The fact that gold and silver each have their own uses means that each metal can perform differently from the other depending on their respective market conditions. For example, during a period of economic uncertainty, when investors are seeking a safe haven investment, they will tend to favor gold because of its proven track record to perform well during times of crisis. Gold has a strong negative correlation to other asset classes such as stocks, especially during volatile periods. Silver on the other hand, due to its ties to consumer products, should see strength during periods of sustained economic growth and prolonged consumer buying.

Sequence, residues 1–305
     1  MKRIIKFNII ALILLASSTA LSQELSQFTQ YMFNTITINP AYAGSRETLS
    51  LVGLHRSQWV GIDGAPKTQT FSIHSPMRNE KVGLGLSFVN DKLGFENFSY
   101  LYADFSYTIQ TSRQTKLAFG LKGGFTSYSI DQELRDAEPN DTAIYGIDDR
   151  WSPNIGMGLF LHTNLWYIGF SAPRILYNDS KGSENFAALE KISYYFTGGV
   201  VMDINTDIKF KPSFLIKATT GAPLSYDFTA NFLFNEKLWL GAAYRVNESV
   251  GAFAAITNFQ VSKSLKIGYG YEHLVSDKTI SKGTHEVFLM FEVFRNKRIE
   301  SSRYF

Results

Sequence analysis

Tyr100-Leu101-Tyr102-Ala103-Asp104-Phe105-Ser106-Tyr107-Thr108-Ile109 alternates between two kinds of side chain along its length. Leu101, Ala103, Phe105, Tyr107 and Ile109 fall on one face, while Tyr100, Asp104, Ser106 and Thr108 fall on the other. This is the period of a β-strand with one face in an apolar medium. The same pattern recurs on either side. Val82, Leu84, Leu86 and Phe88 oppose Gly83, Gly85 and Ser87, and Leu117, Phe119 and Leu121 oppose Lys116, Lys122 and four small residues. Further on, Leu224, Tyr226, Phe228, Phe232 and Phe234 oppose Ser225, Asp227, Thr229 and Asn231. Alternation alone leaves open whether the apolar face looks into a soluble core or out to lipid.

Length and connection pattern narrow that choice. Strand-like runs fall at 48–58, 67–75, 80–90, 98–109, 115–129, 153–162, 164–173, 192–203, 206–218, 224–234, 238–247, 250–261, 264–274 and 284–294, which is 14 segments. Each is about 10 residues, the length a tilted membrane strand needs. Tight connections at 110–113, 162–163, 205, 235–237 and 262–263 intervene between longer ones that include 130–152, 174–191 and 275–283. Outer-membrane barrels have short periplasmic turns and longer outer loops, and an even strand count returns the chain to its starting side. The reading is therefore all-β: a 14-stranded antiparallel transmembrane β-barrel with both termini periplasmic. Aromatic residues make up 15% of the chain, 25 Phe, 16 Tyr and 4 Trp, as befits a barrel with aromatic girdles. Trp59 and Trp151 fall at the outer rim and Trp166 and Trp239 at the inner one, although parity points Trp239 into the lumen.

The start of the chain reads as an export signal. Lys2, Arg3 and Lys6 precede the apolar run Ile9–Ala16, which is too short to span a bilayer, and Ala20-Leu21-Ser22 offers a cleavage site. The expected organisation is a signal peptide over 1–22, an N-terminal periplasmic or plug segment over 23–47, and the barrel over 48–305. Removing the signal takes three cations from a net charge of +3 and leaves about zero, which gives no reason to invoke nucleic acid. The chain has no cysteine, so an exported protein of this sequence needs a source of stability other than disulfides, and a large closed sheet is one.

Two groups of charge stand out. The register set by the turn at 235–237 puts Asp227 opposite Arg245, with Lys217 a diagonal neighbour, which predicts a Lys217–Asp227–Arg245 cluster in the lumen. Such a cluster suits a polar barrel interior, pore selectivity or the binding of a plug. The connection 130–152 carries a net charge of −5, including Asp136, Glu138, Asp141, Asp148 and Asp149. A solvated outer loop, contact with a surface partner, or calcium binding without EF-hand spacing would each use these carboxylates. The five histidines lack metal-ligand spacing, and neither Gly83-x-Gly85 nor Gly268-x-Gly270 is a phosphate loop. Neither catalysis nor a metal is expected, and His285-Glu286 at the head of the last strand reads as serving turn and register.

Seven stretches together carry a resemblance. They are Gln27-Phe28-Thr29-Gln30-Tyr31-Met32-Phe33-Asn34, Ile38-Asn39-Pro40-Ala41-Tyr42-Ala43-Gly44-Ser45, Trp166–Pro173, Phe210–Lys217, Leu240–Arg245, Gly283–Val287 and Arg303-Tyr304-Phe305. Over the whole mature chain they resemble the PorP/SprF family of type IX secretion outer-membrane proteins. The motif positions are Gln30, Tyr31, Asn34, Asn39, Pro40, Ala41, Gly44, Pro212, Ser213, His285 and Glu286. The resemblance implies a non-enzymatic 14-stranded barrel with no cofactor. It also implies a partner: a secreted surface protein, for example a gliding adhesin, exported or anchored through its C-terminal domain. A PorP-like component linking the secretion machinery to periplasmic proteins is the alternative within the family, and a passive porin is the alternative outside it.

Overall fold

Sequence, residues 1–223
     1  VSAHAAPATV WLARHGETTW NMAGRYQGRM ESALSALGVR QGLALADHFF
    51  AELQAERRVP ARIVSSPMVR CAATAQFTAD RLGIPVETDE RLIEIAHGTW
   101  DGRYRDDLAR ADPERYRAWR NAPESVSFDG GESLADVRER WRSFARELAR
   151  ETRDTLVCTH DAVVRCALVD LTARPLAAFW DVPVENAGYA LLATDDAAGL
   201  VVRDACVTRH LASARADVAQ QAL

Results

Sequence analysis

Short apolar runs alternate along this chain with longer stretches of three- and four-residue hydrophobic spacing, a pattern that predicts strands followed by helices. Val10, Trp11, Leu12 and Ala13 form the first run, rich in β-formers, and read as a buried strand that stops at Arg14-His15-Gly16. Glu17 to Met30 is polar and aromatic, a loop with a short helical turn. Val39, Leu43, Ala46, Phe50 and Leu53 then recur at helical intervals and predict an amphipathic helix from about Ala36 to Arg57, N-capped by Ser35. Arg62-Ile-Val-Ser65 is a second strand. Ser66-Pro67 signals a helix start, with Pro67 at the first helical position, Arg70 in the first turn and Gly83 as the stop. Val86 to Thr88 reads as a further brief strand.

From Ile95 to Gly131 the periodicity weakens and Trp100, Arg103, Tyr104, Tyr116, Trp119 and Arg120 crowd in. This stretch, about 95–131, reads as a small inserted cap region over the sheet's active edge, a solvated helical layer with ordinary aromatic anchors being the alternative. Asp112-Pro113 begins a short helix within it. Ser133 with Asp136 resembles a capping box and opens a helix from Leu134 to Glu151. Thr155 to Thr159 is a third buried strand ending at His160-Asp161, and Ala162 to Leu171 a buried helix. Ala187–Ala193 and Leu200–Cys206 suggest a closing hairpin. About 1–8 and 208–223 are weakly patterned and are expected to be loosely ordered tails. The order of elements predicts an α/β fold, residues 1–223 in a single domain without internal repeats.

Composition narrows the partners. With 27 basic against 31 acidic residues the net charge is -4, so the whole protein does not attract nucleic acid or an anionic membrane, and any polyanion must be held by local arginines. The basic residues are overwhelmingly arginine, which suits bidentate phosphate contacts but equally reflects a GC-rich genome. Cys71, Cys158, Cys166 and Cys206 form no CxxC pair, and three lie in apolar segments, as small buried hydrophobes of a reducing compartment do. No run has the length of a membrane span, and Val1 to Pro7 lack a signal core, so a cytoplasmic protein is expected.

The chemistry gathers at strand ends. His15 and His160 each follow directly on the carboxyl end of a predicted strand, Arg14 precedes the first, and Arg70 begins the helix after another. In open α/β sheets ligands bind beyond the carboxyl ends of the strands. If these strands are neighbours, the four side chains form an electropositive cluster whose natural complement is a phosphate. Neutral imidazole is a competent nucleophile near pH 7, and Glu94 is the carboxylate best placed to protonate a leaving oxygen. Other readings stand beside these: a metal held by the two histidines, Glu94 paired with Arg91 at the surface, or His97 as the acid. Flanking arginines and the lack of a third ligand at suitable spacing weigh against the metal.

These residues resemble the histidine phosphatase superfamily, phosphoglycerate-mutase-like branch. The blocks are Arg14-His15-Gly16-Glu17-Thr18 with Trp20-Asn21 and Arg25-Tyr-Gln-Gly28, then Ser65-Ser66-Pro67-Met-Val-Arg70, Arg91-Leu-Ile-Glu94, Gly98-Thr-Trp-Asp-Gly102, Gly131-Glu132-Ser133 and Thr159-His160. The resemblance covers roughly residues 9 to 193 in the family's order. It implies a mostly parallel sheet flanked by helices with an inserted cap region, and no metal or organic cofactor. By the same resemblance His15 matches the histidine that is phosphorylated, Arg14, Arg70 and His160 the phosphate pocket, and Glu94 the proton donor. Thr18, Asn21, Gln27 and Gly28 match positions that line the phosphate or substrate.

That being said, both metals did perform well during the last economic crisis (2008 – 2011), each posting triple digit returns. The most important lesson to retain here is that gold and silver can and do perform diffidently at times, therefore diversifying into both metals is a wise move. Remember, one of the fundamental reasons for owning precious metals in the first place is to properly diversify your portfolio, therefore it stands to reason that further diversification amongst the metals themselves is also logical.
Cost to Purchase
Another consideration when looking at gold versus silver is the cost to buy these commodities in physical form. Traditionally there are two general rules that apply with regards to the costs associated with purchasing bullion products;
1) The premiums to buy gold are lower than the premiums to buy silver
2) Bullion bars have lower premiums than bullion coins